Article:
Steve Whitaker, Literary Editor

Playing Without Thinking: Like Fado And Other Stories By Graham Mort

The silence following conversation, the lit but empty room, the scream of an unseen child - these are the unknowables of Graham Mort’s strange and wonderful new collection of short stories. The idea of a life proceeding elsewhere, the lineaments of which must have unfolded in some other time or place, are plangent suggestions here, and concealed possibility follows naturally in the wake of each tale.

Encouraged to construct a bigger picture on the periphery of Mort’s wide-angled lens – the vague, the earnest, the suffering and the anxious find a place in this writer’s vision – the reader relishes a journey which is not circumscribed by the unitary satisfaction of tidy conclusions, or bien cuit moral imperatives. Obedient, instead, to another imperative – the open-ended, untidy business of living – Graham Mort delivers a painfully authentic series of vignettes, of people we recognise, and of emotions which we mostly share, at home and across borders.

Mort the poet is preoccupied with the unique Portuguese musical art of Fado, an incredibly colourful form of ballad and song whose eruption of energy, pathos and celebration lends itself to the extremities of poetic expression. A kind of street opera, the drama of Fado, as performed in the clubs and drinking houses of Lisbon, mirrors, in magnified tableaux, the withering emotional dynamic of love and loss in the predominantly working classes. If there is any sense of unity in this collection, then the characters who make up its eclectic ensemble are also figures on a stage, whose existential purpose might have been interpreted by Amália Rodrigues, or some other Fadista, to an audience of fellow passengers, recognising a distillation of truth when they saw it. ‘Our lives were stories’, without ‘continuity or destination’, says the character of Antoine into the traumatic symbolism of an earthquake in ‘Via Urbano’.

And in truth, the bit players and ‘shadows’ of Mort’s stories are as significant as the protagonists themselves, acting as conduits to the unexpected, and sometimes to darker speculation. That the writer does not restrict his storytelling to his origins in northern England – although the North does feature largely – is one indicator of a peripatetic imagination given to finding universal truths in the corroborative landscapes of elsewhere. Not least in contemporary Lisbon, where the title story opens on to the shabbily elegant city as seen through the eyes of a British businessman and his academic wife. Mort’s oracular flâneur does what Lisbon best invites – he wanders without aim, as his wife attends a conference. Taking random photographs of the decaying purlieus of the old city, he follows a woman into the bedroom of her dying mother, to capture her image at the request of the daughter. And so it is that encased in the carapace of age is the image of an old woman, as refulgent as a Lucian Freud figure because she wears experience in her raddled physiognomy, like the declining heroine of a Fado ballad:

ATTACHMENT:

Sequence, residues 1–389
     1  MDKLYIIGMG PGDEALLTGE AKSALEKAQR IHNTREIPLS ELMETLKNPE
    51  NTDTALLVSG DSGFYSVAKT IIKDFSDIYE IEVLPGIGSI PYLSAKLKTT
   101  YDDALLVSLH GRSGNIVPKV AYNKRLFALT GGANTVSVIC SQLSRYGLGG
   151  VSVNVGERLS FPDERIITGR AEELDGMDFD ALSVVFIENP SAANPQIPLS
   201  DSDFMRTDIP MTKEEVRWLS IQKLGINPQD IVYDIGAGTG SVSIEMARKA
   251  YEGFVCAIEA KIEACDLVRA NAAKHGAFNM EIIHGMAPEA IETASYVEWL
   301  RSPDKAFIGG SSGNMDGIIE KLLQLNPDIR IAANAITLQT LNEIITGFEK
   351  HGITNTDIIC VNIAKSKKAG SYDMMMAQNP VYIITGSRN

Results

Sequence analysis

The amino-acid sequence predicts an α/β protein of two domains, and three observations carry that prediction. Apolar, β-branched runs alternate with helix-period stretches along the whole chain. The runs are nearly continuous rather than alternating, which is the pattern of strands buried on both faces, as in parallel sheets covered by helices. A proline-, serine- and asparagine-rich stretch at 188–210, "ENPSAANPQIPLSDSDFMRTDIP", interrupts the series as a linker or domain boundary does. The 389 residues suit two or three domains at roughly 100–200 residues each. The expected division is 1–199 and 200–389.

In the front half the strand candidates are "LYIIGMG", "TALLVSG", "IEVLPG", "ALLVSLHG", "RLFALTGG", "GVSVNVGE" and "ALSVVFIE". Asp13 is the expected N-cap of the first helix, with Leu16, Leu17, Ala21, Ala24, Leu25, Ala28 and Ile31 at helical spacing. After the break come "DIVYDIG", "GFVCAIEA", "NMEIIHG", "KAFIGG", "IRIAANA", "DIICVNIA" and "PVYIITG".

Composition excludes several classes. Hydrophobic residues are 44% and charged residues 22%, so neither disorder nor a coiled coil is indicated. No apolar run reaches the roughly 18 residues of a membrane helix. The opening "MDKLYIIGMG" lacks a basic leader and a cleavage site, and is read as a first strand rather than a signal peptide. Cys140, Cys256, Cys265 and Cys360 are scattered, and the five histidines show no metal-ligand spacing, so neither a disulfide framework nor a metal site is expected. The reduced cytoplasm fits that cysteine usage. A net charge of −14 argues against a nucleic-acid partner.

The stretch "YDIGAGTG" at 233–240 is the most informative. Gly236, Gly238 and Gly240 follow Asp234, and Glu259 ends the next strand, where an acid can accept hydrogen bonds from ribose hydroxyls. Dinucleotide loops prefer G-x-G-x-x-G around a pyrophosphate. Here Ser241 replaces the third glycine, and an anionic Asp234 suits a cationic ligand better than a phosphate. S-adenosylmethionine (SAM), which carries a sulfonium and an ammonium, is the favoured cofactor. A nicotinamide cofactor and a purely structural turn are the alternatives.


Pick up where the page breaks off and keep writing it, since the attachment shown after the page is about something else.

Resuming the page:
‘The old woman was beautiful in the way that only the very old and the very young can be, he skin exquisitely creased, her irises and pupils dark, merging to the point of invisibility.’

Graham Mort
Graham Mort
This is percipient writing, and it is significant that Graham Mort’s narratives are supported on a foundation of persuasive geographical and cultural research. Urban, and in the conflagratory melisma of ‘Tempestade de Fogo’, rural, Portugal are as atmospherically charged as, elsewhere, is a village in northern France, whose estaminet conceals individual back stories and the first aching of love in a jejune hinterland (‘Pepe’s’). Mort peoples his emotional terrain comme un native, as frivolously filmic and Gallically distinct as Truffaut. This chameleon-like quality is characteristic of a writer who has a visceral awareness of l’autre, the invisible figure at the feast, or more particularly the shadow falling across the story sometimes diminishing the narrator’s own sense of being in the world: ‘…I’d never really belonged anywhere. Places weren’t home for me’ (‘Meijersdorp’).